Her son, the Indian-American journalist Fareed Zakaria, paid tribute to her on his CNN show on Sunday night.

Fatma Zakaria and Fareed Zakaria sit together in a garden and smile at the cameraTwitter/CNN
news Obituary Monday, April 12, 2021 - 18:03

Fatma Zakaria, the former journalist and renowned educationist, passed away in Aurangabad due to complications relating to COVID-19 on April 6. Her son, the Indian-American journalist Fareed Zakaria, announced the news during his show CNN on Sunday. She was 85. 

Fatma died at Bajaj Hospital in Maharashtra, one of nearly three million COVID-19 deaths that have occurred worldwide since the onset of the pandemic, Fareed said on CNN’s Fareed Zakaria GPS. “If there’s a single person most responsible today for who I am and the things I have achieved in the world, large or small, it’s my mother,” Fareed said in a heartfelt tribute to Fatma Zakaria. 

Fatma was born in 1936 in erstwhile Bombay and grew up in a large, loving family, though she lost her father at a young age, Fareed said. She studied at Isabella Thoburn College, which inculcated a love of American education in her, and she went on to work as a social worker helping to educate underprivileged children.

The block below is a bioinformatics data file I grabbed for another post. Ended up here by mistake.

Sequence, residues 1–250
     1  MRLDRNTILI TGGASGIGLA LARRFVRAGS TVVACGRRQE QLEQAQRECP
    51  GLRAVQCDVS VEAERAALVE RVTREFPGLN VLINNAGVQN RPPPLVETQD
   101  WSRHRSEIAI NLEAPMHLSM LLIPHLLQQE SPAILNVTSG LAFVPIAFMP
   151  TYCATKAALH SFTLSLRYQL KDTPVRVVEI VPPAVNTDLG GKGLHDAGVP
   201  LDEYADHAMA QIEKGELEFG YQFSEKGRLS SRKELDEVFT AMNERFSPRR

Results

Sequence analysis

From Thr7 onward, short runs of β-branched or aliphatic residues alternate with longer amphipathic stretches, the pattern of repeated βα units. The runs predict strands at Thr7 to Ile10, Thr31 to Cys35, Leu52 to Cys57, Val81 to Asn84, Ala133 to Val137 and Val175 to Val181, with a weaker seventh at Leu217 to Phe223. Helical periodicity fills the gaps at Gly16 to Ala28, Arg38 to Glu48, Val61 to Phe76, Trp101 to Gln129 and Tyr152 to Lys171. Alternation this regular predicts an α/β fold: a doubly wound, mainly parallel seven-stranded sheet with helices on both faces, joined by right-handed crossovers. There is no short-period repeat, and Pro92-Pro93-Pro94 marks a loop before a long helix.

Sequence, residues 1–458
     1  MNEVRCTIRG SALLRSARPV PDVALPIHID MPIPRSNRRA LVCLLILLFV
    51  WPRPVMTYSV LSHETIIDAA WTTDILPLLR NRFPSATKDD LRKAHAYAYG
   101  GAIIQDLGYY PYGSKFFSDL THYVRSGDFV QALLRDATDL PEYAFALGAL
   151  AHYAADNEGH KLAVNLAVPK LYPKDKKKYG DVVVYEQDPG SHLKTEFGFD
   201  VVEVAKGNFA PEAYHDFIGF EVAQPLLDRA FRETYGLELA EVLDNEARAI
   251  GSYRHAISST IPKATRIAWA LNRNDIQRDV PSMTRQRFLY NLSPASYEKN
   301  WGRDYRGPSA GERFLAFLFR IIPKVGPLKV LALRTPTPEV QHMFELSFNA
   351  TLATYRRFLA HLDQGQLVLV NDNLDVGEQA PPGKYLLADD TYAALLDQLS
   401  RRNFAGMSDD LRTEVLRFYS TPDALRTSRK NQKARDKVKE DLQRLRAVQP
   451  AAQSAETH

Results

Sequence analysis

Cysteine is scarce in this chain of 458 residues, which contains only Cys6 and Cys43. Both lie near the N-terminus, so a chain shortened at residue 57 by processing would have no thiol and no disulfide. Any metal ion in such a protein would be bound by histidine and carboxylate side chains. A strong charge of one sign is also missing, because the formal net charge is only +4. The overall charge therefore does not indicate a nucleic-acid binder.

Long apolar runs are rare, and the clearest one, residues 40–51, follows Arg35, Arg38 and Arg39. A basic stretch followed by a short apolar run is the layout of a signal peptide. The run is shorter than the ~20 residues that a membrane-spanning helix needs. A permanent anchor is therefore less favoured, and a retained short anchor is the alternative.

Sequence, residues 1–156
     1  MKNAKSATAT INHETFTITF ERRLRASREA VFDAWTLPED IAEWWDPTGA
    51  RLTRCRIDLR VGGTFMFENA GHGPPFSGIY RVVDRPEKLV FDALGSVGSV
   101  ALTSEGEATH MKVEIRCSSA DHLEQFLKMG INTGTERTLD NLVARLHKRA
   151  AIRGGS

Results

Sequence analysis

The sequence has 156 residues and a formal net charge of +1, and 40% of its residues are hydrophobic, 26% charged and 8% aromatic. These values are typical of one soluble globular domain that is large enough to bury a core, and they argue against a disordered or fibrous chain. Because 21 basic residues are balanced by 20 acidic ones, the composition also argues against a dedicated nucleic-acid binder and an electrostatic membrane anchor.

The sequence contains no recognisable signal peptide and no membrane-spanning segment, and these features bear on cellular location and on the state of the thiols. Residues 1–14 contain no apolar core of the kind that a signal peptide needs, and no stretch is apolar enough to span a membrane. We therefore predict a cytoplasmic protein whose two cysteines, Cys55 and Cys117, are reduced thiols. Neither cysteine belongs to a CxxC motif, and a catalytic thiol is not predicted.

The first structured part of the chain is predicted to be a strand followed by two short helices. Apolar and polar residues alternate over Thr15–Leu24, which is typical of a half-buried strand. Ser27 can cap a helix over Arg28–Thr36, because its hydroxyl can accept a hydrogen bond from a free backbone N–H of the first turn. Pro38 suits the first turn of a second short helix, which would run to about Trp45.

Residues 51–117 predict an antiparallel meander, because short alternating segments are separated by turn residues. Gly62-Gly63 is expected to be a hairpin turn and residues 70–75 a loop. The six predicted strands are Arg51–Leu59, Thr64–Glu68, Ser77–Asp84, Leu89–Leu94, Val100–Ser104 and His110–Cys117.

After marriage, she moved into journalism, enduring and succeeding in the male-dominated field. Her work included interviews with former prime ministers Margaret Thatcher and Indira Gandhi as well as multiple cover stories for magazines, including one on Islam. She also wrote about dropping her son, Fareed’s brother, off at college in the United States and why she thought the American education system was worthwhile. 

After retiring from journalism, she began running the large education campus that had been set up by her and her husband, and serving as chairman of the Maulana Azad Educational Trust.  “Education is an important medium of social transformation,” she once said. 

She was honoured with the Padma Shri Award in January 2006. 

Fareed said when Fatma was asked what she was proudest of in her life, she responded that it was her role as her mother. He recalled sitting around the table with his mother and brother, arguing about what would go on the cover of the magazine, even as a 10-year-old. She also encouraged them to seek an education in the United States, even though she knew it would take them far away from home. 

As a result of the pandemic, Fareed could not travel to India to see his mother one last time, nor could he be there for the funeral. Ending the CNN segment, he said, “Goodbye ma, I love you.”

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